Boeing earnings up, but reports higher costs on tanker
Boeing reported a jump in second-quarter profits on Wednesday due to higher commercial airplane deliveries but said costs on a closely-watched Air Force tanker contract had risen again.
The US aerospace giant reported net income of $2.2 billion, up 25.6 percent. Revenues rose 5.2 percent to $24.3 billion.
Boeing set aside $418 million in additional funds for the KC-46 tanker, an Air Force plane that has repeatedly suffered cost overruns.
The latest cost increases were for incorporating changes into test and early-build aircraft and for additional expenses in late stage testing and certification. Boeing said it expects to deliver the first tanker to the Air Force in October.
Boeing's commercial plane business prospered on an uptick in deliveries, as well as higher profit margins compared with the year-ago period as it increased production rates on its most popular offerings.
Boeing has benefitted from a multi-year surge in commercial jet demand as US carriers refresh their fleets and airlines in developing and emerging countries boost orders.
During the first quarter, Boeing delivered new planes to Ethiopian Airlines and Xiamen Airlines, among others.
Boeing lifted its full-year revenue forecast to $97 billion - $99 billion, up $1 billion from the prior range. It projected slightly higher operating margins in commercial planes but slightly lower margins in defense.
"Continued services growth, increasing defense volume and strong performance of our commercial business, as well as our positive market outlook, give us the confidence to raise our revenue and Commercial Airplanes margin guidance for the year," said chief executive Dennis Muilenburg.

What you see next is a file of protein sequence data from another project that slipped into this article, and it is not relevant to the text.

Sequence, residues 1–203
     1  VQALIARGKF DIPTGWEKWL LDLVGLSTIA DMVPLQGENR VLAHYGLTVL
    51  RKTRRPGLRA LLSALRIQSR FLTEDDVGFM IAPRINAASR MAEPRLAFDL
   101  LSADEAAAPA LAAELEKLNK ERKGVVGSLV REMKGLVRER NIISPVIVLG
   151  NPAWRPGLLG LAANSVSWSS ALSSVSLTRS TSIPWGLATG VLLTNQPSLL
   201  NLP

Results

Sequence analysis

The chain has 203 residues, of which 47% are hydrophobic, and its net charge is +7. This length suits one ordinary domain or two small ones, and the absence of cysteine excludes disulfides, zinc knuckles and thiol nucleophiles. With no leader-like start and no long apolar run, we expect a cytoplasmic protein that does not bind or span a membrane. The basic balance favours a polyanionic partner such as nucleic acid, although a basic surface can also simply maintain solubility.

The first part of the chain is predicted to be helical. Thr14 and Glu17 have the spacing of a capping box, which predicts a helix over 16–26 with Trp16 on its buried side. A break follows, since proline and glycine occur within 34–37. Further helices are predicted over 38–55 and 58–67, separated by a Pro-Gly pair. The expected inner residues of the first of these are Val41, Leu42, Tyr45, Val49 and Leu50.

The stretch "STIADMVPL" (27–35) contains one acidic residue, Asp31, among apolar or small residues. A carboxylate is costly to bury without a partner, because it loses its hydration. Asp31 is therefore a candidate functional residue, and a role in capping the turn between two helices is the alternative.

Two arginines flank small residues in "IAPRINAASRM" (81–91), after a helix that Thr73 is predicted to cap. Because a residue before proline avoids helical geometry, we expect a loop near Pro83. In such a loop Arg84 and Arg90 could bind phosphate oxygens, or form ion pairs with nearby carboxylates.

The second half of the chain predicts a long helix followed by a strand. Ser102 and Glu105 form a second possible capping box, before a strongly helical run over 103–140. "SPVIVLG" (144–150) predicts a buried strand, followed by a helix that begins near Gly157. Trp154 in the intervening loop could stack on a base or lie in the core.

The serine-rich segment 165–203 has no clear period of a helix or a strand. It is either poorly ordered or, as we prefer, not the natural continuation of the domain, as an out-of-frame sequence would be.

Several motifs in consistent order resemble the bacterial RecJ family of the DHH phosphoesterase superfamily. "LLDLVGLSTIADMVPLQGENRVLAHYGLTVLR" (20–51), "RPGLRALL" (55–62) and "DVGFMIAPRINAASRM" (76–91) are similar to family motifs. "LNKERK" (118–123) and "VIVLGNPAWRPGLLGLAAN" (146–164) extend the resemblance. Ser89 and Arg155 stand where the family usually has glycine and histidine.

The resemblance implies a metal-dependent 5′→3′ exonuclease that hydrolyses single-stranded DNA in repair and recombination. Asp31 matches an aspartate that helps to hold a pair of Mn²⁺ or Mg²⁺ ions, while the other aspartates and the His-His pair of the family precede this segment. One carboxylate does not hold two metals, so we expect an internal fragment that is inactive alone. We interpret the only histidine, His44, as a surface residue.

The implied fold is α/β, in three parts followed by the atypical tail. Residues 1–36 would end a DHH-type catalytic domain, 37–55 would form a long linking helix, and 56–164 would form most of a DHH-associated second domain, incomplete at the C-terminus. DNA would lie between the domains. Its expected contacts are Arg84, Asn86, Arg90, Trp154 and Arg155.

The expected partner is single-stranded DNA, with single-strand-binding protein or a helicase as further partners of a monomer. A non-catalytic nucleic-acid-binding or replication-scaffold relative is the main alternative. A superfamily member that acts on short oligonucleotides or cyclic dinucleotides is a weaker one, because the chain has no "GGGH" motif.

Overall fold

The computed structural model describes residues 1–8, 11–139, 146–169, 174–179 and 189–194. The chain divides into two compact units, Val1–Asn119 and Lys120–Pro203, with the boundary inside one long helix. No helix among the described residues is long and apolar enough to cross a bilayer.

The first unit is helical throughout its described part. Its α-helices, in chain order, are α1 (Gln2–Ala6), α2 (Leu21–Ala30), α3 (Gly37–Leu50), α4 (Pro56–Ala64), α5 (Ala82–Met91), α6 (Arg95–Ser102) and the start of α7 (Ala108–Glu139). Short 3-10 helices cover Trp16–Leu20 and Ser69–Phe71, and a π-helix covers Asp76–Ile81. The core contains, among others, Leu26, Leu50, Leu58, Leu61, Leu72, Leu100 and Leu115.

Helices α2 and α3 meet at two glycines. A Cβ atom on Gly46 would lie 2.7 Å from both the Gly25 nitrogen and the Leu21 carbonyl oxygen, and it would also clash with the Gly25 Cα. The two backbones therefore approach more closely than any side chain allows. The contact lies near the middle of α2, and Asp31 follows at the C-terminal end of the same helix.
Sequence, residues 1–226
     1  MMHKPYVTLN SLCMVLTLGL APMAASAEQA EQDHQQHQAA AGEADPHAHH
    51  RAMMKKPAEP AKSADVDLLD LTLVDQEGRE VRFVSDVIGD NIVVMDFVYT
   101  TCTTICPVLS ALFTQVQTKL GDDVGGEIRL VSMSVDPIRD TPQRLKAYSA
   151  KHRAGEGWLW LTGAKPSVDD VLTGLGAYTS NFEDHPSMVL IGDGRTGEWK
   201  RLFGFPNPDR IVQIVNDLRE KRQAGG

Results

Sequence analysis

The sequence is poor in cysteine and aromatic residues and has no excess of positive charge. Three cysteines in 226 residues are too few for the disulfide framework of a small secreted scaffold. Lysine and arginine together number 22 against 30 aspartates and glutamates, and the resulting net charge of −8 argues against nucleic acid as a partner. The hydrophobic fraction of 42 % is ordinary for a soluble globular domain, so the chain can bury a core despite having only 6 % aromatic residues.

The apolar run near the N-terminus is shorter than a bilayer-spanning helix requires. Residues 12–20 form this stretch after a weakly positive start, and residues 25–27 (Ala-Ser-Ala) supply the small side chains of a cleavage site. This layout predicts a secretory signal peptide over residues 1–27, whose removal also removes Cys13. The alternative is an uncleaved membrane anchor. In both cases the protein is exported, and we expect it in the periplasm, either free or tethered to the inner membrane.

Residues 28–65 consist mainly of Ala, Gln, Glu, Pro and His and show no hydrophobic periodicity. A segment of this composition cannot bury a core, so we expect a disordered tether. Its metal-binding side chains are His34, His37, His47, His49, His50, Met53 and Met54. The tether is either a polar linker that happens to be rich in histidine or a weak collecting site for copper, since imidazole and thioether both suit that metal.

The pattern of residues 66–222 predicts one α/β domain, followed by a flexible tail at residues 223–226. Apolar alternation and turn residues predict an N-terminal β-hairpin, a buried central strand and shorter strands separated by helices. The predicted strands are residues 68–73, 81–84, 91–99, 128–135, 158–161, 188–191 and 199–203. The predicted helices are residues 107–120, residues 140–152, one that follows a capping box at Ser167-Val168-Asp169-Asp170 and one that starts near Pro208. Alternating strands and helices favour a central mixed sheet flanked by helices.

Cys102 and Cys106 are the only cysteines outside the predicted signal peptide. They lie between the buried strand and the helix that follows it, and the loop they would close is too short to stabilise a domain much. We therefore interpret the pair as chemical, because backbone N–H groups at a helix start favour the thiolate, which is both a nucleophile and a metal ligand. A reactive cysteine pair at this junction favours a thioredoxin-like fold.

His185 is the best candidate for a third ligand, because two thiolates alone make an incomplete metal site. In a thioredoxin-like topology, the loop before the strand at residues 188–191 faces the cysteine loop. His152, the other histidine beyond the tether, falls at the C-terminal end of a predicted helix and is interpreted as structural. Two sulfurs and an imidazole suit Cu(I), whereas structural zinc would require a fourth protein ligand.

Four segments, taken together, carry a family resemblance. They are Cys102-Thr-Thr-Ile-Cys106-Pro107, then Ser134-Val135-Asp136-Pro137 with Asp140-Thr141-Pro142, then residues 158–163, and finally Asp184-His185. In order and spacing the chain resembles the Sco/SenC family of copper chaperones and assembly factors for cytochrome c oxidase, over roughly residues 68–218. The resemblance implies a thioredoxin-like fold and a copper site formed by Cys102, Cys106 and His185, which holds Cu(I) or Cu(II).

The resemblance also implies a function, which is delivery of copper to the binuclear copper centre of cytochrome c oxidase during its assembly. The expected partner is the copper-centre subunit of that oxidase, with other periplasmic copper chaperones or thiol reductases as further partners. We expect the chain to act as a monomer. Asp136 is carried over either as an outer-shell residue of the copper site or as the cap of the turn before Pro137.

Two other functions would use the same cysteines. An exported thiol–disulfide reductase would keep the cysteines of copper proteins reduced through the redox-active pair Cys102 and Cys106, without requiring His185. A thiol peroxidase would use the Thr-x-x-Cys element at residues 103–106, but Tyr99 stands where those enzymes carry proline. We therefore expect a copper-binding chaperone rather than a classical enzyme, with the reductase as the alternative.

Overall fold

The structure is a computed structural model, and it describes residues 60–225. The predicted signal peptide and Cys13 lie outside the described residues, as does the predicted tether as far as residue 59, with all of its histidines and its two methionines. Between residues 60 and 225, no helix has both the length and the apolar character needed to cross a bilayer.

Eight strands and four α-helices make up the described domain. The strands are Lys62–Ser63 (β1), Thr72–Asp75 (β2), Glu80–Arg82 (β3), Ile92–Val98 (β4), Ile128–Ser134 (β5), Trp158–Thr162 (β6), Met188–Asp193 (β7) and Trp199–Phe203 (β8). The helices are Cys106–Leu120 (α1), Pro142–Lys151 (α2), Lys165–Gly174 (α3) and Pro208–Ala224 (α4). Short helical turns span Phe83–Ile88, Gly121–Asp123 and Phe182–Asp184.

But Briefing.com noted that Boeing did not increase its earnings-per-share forecast, a decision that "may cause some people to think maybe management is bit more cautious on 2H18."
The earnings come three weeks after Boeing announced that it had signed a memorandum of understanding to take control of Brazilian company Embraer's commercial business.
The Embraer deal would give Boeing a fleet of smaller planes to compete with a venture between archrival Airbus and Canada's Bombardier. Boeing and Embraer are still working out final details of the plan.
The aerospace giant has also been seen as vulnerable to trade tensions, especially the mushrooming conflict between China and the United States.
Credit Suisse said in a note this week more than 400 plane orders announced at the Farnborough air show last month were from undisclosed buyers.
At least some were probably placed by "Chinese airlines looking to avoid attracting attention in a sensitive trade environment," the note said.
Shares fell two percent to $351.00 in opening trading.
© 2018 AFP